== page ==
It’s been a very important date for the last few weeks, but March 5th saw the opening of Tim Burton’s long awaited “Alice in Wonderland”. The 3D spectacle sold out at Lincoln’s Odeon on the evening of release, and with fantastic performances from the star-studded cast – it’s easy to see why.

There has been controversy in recent weeks as to whether the movie would be shown at the three major cinemas in England, but since they agreed to screen it despite the contract contradictions, it seems to have been a major success.

The stellar cast is typical of a Burton production, as he tends to use the same actors and actresses over again, and this feature is no different. Helena Bonham Carter plays the nefarious Red Queen; Johnny Depp as the Mad Hatter; Christopher Lee as the Jabberwocky; Anne Hathaway as the beloved White Queen; and Matt Lucas as the comedic Tweedle-Dum and Tweedle-Dee. However the lead role goes to a yet unheard of actress, Mia Wasikowska, who steps up to the mark beautifully as Alice.

Tim Burton is well known for his quirky and unusual pictures, such as “Corpse Bride” and “The Nightmare Before Christmas”, and this re-imagining of the classic story is no different. Burton has taken the well known Disney original and added his own mark. Screenplay is by Linda Woolverton, who has worked on many other Disney features, such as “The Lion King” and “Mulan”.

The story unfolds as Alice, now 19, is enticed down the rabbit hole and into Wonderland again. However things are not as they once were, as shown by the creepy fantasy landscapes. The Red Queen is ruling the lands with terror and has many agents to carry out her misdeeds. Though there is a prophecy that shows Alice back in Wonderland and defeating the Red Queens’s most terrible warrior, the Jabberwocky, which will right Wonderland and return the peaceful White Queen to power.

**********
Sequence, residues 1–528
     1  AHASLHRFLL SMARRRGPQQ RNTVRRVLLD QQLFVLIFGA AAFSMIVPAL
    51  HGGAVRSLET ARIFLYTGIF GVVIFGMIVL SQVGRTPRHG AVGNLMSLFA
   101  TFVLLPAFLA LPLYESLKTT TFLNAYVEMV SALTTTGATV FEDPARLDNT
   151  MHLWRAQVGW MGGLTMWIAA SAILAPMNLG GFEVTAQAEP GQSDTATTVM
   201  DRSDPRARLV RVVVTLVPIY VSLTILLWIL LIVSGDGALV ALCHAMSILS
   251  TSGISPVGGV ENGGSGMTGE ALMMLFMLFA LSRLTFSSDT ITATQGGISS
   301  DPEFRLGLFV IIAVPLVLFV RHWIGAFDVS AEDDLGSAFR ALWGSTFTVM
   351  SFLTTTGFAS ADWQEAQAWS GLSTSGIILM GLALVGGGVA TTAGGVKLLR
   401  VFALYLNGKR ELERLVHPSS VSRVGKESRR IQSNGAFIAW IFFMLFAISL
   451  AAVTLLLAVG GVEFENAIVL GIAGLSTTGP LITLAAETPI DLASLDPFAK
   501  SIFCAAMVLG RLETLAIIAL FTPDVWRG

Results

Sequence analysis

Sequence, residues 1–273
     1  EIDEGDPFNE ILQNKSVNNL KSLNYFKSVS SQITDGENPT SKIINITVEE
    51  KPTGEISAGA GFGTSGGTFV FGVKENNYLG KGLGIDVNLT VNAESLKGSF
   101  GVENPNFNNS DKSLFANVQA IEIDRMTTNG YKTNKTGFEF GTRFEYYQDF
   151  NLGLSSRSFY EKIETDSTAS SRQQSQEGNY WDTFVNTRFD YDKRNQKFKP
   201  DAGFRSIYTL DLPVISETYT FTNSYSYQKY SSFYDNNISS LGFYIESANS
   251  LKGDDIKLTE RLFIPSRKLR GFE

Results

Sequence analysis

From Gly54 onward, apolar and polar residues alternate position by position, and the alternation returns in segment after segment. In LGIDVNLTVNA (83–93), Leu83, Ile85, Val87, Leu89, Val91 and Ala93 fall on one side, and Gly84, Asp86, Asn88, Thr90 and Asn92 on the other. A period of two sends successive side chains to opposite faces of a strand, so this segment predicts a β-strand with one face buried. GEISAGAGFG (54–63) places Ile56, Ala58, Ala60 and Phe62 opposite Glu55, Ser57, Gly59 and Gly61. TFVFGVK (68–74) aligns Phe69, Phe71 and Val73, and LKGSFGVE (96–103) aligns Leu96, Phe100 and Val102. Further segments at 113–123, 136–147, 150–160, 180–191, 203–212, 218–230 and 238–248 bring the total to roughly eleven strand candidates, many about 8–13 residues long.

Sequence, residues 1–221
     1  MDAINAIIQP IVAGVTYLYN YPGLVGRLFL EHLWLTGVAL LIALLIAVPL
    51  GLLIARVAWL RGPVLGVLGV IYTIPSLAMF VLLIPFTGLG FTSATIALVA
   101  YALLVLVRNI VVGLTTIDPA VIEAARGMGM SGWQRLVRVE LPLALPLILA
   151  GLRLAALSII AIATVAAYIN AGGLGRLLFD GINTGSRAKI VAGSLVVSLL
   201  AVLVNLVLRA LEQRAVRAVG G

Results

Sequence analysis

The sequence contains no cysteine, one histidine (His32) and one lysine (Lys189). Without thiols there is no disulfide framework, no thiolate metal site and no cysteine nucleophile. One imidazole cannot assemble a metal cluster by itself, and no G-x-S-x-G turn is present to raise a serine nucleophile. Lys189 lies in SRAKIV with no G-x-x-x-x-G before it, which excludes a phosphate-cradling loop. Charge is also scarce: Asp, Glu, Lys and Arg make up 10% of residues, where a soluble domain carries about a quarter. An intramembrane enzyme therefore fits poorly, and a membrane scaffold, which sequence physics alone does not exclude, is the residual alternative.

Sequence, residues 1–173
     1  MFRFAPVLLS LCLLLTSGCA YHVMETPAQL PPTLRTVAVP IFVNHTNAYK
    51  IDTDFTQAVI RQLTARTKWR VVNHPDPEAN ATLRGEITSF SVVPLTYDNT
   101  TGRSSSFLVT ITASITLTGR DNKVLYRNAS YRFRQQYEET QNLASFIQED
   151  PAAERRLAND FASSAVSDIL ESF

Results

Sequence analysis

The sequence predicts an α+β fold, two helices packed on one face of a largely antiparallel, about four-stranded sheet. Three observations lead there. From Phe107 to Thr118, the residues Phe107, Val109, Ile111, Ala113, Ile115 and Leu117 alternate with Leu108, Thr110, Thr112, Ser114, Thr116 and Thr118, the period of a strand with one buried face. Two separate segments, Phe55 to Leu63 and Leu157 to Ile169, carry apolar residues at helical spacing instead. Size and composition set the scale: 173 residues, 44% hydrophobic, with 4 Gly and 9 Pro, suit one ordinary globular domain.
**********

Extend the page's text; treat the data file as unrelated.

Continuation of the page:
There is confusion as to whether Alice is the ‘right’ Alice, as she doesn’t want to be told what to do, and is disbelieving of the prophecy. But when the Mad Hatter again lays eyes on Alice, he is sure she is the one to help them through their troubles.

The film was made combining live action and animation, and provides an undeniable visual treat. However this film, like many other CGI features, becomes increasingly normal in the build up to a generic spectacular ending.

The story for the original 1951 Disney film was based on Lewis Carroll’s “Alice’s Adventures in Wonderland”, whereas this new feature combines this with “Through the Looking Glass” and his poem “Jabberwocky”. This combination provides a whole new story and the chance for Burton to add his own personality to the film. There could also be a moral undertone to the story, as Alice is faced to choose between what is expected of her and what she wants, and this could be posed as a question to the audience.

Overall, this film is a charming take on the old tale with a few new twists and turns. The flawless animation allows for each actor to put their mark on the character and provides a very different landscape to the previous whimsical Wonderland. With the odd mix of actors and the tell-tale signs of Tim Burton, it truly is a film that just gets curiouser and curiouser.

3 thought on “Film review: Alice in Wonderland”
  1. Tim Burton has a unique style when making his movie. I love Nightmare Before Christmas and Edward Scissorhands.

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